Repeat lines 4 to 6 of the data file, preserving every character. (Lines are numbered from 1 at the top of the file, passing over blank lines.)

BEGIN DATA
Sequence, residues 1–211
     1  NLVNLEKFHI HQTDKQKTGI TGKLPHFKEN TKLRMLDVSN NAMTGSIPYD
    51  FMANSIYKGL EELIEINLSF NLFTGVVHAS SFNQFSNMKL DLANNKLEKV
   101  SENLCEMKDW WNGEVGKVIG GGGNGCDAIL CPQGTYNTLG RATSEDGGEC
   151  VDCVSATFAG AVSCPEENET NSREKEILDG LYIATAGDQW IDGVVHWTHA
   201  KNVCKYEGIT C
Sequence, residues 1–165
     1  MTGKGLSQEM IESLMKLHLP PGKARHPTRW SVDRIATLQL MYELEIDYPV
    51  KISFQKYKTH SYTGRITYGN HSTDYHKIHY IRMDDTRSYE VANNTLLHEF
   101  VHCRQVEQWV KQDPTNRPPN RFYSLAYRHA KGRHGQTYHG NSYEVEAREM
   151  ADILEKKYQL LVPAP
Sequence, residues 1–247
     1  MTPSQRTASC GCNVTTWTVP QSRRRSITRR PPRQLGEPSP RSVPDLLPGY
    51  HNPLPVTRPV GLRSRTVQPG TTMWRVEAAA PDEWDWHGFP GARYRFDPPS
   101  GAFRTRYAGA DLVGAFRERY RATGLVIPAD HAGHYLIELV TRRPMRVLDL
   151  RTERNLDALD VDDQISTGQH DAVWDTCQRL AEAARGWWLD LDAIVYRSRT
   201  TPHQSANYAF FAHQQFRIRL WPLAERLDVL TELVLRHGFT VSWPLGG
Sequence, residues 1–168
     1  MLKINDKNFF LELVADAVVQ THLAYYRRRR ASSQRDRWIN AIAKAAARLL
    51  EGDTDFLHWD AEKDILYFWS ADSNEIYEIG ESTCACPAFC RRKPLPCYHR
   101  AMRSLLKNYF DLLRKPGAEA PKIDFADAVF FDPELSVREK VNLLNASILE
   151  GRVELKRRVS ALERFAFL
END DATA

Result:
   101  SENLCEMKDW WNGEVGKVIG GGGNGCDAIL CPQGTYNTLG RATSEDGGEC
   151  VDCVSATFAG AVSCPEENET NSREKEILDG LYIATAGDQW IDGVVHWTHA
   201  KNVCKYEGIT C